Turkey’s Justice Ministry defends police over tortured man’s suicide
İsmail Saymaz ISTANBUL
Onur Yaser Can with his mother, Hatice, who committed suicide three years after her son after a long period of grief.The Justice Ministry has issued a defense denying any ill-treatment in the case of a young Istanbul architect who committed suicide in 2010 after allegedly being subjected to police torture.
The case is currently being reviewed by the European Court of Human Rights (ECHR) after appeals filed by the family of the victim to the initial sentences for “being insufficient” were rejected at higher Turkish courts.
Onur Yaser Can, 28, was detained in Beyoğlu on June 2, 2010 after police caught him in possession of drugs. He was subjected to a full body cavity search and his anus was searched by hand at the Narcotics Police Department, after which he fell into depression. Can later committed suicide by jumping from a balcony on June 23 to avoid returning to the police station for a second time. The tragedy haunted his family for years and Can’s mother, Hatice Can, also committed suicide three and a half years after her son’s death, also jumping from a balcony following a long period of grief.
However, in its defense delivered to the ECHR, Turkey’s Justice Ministry argued that Onur Yaser Can was treated well while in custody, stating that police officers even “drove him to the metro station upon his request.”
In the ministry’s defense, two of the suspect police officers denied Can’s allegations written on a document found in his room after his death, in which he claimed to have been stripped naked and violently forced to crouch down. One of the officers admitted to a full body cavity search, but rejected any kind of sexual abuse.
The defense document also argued there was no evidence suggesting any “inhumane or humiliating treatment exceeding the boundaries stated by law.”
“After the entire procedure was carried out, Can was driven to the metro station upon his request. This fact showed that the applicant was not subjected to the alleged ill-treatment,” the document said.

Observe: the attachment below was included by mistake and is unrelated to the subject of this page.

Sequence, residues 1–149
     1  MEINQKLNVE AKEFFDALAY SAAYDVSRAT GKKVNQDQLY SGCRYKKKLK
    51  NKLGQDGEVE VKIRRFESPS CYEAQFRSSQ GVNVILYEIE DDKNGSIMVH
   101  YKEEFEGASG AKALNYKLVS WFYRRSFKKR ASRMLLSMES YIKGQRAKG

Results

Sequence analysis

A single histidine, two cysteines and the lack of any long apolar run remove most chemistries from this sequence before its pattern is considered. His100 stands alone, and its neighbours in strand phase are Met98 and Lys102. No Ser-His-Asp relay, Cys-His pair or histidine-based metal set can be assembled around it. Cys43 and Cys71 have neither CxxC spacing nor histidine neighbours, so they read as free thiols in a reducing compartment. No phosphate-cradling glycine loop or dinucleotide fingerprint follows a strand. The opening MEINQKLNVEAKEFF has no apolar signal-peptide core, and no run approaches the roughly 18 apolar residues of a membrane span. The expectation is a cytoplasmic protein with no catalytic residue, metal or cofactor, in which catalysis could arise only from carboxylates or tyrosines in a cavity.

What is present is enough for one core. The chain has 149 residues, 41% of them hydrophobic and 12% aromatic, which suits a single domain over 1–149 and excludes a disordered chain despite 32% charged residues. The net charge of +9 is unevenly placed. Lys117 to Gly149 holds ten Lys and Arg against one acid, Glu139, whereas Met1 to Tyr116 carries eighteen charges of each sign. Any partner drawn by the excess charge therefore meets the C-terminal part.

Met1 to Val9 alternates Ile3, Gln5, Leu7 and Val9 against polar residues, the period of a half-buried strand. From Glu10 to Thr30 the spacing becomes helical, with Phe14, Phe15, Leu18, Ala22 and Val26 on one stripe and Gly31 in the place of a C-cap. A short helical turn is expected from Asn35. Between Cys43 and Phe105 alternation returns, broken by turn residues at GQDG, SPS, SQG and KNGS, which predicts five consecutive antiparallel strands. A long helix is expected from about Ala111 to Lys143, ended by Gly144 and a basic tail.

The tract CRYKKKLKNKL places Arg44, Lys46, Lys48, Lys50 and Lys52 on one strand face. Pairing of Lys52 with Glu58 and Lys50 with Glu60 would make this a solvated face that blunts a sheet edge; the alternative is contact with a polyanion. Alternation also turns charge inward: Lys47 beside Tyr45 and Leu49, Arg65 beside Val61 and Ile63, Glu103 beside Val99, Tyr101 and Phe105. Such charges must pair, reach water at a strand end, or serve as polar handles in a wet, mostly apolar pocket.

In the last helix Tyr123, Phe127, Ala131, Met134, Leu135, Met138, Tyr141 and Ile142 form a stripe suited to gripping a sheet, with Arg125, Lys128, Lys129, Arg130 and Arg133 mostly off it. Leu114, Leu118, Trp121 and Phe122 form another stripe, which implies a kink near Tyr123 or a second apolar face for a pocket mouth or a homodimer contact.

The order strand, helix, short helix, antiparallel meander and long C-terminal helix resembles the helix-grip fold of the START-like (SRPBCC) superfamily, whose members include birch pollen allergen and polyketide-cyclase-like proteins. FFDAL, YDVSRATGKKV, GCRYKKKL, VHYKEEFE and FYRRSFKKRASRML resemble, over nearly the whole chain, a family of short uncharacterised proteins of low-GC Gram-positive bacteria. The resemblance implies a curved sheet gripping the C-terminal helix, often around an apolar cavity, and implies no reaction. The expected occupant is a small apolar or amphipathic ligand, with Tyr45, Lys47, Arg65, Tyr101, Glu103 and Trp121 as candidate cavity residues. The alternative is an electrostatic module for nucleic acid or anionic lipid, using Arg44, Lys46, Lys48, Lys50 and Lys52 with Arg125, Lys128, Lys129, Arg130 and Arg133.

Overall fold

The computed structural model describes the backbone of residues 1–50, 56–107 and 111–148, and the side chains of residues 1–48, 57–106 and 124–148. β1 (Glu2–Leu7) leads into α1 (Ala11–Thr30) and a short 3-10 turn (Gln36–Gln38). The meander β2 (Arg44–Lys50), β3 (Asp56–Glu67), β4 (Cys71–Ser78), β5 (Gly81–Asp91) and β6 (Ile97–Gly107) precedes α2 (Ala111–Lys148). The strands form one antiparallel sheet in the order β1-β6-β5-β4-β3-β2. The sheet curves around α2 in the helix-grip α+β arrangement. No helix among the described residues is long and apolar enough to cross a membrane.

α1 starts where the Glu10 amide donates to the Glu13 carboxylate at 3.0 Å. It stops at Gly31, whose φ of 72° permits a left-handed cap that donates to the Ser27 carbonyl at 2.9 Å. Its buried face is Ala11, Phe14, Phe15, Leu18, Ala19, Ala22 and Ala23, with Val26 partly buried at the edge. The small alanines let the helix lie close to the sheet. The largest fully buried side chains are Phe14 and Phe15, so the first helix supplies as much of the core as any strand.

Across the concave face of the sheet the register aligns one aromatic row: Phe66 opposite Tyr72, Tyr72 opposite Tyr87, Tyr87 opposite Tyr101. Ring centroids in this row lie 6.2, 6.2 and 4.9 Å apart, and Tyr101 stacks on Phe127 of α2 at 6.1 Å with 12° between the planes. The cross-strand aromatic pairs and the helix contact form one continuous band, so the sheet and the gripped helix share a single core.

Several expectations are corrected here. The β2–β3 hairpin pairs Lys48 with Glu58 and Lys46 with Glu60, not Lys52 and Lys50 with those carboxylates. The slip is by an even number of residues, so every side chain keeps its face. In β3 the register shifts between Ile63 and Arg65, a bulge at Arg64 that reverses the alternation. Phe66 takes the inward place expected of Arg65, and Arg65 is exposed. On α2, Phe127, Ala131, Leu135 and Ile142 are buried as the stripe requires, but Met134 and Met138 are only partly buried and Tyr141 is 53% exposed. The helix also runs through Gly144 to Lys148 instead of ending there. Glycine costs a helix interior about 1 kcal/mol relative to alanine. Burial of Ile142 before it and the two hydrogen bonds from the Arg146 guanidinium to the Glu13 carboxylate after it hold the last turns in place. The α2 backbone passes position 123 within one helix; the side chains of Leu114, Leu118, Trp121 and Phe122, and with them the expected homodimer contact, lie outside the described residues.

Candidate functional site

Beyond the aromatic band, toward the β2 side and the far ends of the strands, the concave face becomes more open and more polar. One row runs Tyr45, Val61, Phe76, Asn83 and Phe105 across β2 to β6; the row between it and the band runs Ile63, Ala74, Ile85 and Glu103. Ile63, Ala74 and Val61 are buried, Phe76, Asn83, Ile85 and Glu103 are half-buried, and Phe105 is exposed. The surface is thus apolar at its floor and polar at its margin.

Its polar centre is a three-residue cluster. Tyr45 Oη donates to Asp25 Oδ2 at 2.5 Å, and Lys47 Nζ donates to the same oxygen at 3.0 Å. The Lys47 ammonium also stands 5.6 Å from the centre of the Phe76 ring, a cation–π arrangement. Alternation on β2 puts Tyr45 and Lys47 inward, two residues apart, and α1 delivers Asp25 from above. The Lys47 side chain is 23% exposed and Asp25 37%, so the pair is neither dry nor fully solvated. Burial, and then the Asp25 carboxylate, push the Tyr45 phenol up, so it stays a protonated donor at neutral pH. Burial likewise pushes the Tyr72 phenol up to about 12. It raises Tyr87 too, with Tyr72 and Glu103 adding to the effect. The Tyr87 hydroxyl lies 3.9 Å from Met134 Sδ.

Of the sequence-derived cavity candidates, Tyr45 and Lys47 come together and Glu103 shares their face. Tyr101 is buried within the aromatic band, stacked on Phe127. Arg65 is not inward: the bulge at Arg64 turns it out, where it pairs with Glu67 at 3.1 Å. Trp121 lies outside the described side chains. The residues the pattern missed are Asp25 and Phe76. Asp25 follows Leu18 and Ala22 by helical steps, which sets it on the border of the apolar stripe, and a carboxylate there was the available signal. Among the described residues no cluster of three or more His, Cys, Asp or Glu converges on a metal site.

But in the note he left, Can claimed to have been subjected to violence and sexual abuse, while admitting acquiring drugs before his detention. He also stated that the documents the police made him sign the next day were forged and contained statements that he did not make during the interrogation.
Upon his family’s complaint, a criminal case was opened against six police officers for “torture, mistreatment, sexual abuse and the forgery of documents.” The court only sentenced two of the police officers to prison for the last accusation, suspending them from their posts for six months, while dismissing further investigation into the other four policemen.
However, as it is often seen in torture cases, police failed to present mandatory camera footage of the interrogation that could prove the lack of ill treatment. CDs delivered to the authorities only contained images of the police department’s corridors and elevators.
Lawyers representing Can’s family criticized the Turkish justice system after applying to the European court late in October. “The Turkish judiciary is neither independent nor neutral. If the judiciary was under the tutelage of the National Security Council yesterday, it is today under the tutelage of the National Intelligence Organization [MİT] and the government,” said Ercan Kanar, accusing the police of spoilation of evidence and covering up torture.